Returning from a vacation typically means back to the grind, even when the ‘grind’ is a beautiful castle winery in a picture perfect vineyard, vacations are rejuvenating and refreshing. As I was looking at pictures from our trip I realized the majority of the images were not of lush ocean tropical landscapes but of the delicious foods and amazing wines we enjoyed. Fresh seafood flown in from Alaska from our good friends and travel partners Tim and Carol Berg (www.great-alaska-seafood.com) dominted the menu during our time in Maui. I admit, Alaskan seafood in Hawaii may not be the norm but our 49th and 50th states definitely made for delicious pairings! Next year…maybe Lomi-Lomi Salmon on Alaska’s Kenai Peninsula!

The best seafood salad dressing and certainly one of the easiest-

Combine 4 parts Mayo to 1 part spicy cocktail sauce and 1 tsp sesame seed oil

   

Hawaiian Portuguese inspired Paella made with fresh clams and linguiça paired with Sangiovese and yes, the biggest king crab legs this side of Hana!



Terra de Promissio - Checkmate Castello

Mary Davidek

February 8th, 2015

Terra de Promissio – Checkmate Castello

I love a game of chess, deep thought and out-maneuvering, strategy and calculating, all while carefully not giving up your advantage.  Chess is also an apt metaphor for many life situations; social posturing, politics of work, positioning friends, and dare I say…family?  Business is a place we commonly employ schemes and strategies, even the business of wine can pose circumstances which entail positioning and thoughtful approach. Admittedly this may seem counter-intuitive; to many, wine is perceived to be artistic and cerebral. Wine evokes romance and esoteric conversation, not strategy or offensive and defensive tactical maneuvers. However, as in all business, great success requires planning and navigating. After all, for a winery,  in the vast world of palate-pleasing if one only makes wine one likes or prefers, you may appeal to, well, one.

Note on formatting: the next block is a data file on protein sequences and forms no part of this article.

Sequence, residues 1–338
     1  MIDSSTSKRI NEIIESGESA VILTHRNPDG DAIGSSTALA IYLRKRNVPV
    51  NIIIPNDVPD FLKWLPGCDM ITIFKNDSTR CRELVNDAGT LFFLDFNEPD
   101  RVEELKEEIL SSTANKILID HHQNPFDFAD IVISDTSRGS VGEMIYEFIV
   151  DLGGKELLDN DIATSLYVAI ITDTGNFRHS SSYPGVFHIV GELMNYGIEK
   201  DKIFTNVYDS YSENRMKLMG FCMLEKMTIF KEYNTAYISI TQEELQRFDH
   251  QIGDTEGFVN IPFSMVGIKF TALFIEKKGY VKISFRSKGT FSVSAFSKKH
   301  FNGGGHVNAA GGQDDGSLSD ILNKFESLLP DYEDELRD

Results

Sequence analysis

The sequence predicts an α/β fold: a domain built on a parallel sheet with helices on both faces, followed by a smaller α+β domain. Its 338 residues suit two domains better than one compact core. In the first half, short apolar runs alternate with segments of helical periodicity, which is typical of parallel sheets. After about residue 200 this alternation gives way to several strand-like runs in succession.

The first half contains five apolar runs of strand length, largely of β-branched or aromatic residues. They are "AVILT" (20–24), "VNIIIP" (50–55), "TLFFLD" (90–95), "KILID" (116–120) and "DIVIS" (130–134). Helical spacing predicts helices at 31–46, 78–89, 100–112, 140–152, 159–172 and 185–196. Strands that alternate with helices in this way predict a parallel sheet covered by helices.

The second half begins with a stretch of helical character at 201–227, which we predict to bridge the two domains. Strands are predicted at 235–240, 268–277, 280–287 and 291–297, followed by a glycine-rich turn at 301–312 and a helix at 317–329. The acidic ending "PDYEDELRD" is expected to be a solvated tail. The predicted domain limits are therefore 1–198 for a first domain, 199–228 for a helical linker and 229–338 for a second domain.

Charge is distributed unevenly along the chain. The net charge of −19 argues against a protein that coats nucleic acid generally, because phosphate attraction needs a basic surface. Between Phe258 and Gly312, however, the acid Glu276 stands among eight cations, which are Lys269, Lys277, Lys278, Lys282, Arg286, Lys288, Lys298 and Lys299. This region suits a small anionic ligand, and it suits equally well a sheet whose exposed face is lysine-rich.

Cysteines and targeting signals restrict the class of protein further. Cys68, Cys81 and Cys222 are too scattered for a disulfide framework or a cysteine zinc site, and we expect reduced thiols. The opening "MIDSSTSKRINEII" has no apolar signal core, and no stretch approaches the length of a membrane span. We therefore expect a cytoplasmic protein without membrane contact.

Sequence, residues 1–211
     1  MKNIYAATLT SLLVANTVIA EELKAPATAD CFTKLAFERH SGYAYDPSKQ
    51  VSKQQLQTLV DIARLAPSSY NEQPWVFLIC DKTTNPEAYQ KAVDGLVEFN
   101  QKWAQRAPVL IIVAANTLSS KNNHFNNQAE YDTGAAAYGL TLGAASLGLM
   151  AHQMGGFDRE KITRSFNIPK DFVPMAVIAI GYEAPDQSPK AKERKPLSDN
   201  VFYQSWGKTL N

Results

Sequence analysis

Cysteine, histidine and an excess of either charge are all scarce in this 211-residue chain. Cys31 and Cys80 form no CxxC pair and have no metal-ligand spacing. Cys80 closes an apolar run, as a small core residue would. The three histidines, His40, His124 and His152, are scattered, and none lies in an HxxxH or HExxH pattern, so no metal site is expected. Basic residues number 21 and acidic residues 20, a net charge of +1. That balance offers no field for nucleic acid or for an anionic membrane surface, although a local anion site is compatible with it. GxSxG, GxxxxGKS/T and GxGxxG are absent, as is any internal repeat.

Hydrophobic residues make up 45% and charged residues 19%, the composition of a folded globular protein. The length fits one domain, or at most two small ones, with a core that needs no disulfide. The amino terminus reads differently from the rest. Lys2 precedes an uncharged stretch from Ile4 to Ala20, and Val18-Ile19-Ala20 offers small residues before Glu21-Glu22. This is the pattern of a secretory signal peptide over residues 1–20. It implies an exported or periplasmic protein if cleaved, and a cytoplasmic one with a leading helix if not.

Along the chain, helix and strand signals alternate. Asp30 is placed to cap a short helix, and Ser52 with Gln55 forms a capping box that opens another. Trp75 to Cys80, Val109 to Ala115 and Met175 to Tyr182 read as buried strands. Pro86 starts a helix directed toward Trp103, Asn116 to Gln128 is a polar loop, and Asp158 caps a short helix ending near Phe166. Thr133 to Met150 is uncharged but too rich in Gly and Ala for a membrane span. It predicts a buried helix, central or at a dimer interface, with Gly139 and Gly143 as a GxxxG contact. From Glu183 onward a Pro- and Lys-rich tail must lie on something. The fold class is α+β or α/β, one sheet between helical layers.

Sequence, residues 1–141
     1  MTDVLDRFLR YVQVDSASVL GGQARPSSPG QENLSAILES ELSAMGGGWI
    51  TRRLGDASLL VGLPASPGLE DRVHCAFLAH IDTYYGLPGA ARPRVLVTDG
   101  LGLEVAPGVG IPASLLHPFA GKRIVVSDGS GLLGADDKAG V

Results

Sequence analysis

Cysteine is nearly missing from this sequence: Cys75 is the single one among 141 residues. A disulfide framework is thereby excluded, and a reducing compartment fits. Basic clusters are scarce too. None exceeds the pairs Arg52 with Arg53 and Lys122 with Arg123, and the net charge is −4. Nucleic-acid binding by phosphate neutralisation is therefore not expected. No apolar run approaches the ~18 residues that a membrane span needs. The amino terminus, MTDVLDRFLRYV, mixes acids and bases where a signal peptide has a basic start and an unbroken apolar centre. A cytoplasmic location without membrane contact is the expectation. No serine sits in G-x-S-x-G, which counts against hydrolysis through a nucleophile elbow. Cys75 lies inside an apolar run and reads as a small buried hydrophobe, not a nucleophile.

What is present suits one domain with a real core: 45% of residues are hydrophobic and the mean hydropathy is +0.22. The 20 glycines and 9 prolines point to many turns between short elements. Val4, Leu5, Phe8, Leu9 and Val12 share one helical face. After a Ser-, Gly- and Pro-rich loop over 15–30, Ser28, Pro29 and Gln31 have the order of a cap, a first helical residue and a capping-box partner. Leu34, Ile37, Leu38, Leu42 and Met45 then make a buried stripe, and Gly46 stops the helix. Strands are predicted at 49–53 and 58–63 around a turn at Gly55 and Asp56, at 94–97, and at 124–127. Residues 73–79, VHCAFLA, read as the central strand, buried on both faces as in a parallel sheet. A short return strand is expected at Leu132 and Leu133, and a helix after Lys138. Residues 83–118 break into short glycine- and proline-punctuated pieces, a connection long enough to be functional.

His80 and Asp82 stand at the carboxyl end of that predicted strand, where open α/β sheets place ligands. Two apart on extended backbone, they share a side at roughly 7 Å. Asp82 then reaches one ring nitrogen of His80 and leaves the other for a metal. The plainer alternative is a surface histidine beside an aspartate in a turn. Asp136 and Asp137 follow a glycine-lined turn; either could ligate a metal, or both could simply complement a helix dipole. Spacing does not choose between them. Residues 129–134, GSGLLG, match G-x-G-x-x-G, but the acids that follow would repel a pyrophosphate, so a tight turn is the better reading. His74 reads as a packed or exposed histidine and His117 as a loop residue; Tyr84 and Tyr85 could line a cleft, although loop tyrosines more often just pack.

Which brings me to my point…and yes, I have one.

At a recent staff meeting the topic du jour was the release of the Castello’s much anticipated Pinot Noir from the Terra de Promissio vineyard in Sonoma County. Certain die-hard cab-loving staff members were having a bit of a challenge wrapping their mind and palate around this particular bottling.  Full disclosure, this is not a Cabernet lover’s Pinot. No, the Terra de Promissio vineyard is planted with prized Burgundy clones, the fruit displays structure with finesse and elegance rather than some Cali Pinot Noir’s cab-like vim and vigor.

This pedigreed vineyard is located on a 50-acre ranch in Sonoma, overlooking the town of Petaluma in an area of much viticultural success known as the Petaluma Gap. Caution; an internet search result may yield directions to an outlet mall so include the term ‘Pinot Noir’ if searching for info about the Petaluma Gap. (unless you are looking for jeans or a sweater!)

The “Gap” is actually a wind gap named for the coastal mountain opening that stretches east from the Pacific through the town of Petaluma and south to San Pablo Bay. This marine cooled gap creates perfect growing territory for cool temperature loving thin-skinned Pinot Noir grapes.

With the acquisition of Terra de Promissio fruit, Castello has advanced on yet another strategic post of wine making and palate-pleasing, classic old world meets new world Pinot Noir. This base is covered…the palates are pleased. Good move.

Now, back to the point I assured you I would make. While it is true, Cabernet Sauvignon is the powerful king of the sun-drenched Northern end of Napa Valley, Pinot Noir is most certainly the reigning queen from Sonoma.

And, just like the game of chess……it is the queen who takes the game.

Checkmate.

Chinese Five Spice Chicken Thighs

Five Spice is a preblended mixture of Star Anise, Cloves, Cinnamon, pepper and ground Fennel Seed and is a tasty rub for pork, salmon and poultry. Five Spice doesn’t overwhlem Pinot’s subtlely, instead, the bright red fruit notes of the Terra de Promissio Pinot Noir create a perfect complement for this exotic spice rub. This quick and delicious preparation is also ideal for chicken legs or appetizer wings.

Directions:

  • Rinse and dry chicken pieces.
  • Preheat oven to 375 degrees.
  • Coat the chicken with a dry rub of Chinese Five Spice.
  • Place the chicken thighs in a pan and into oven and bake for about 25 to 35 minutes – until completely cooked through (an inserted thermometer should read 170 degrees).
  • Serve with rice and enjoy!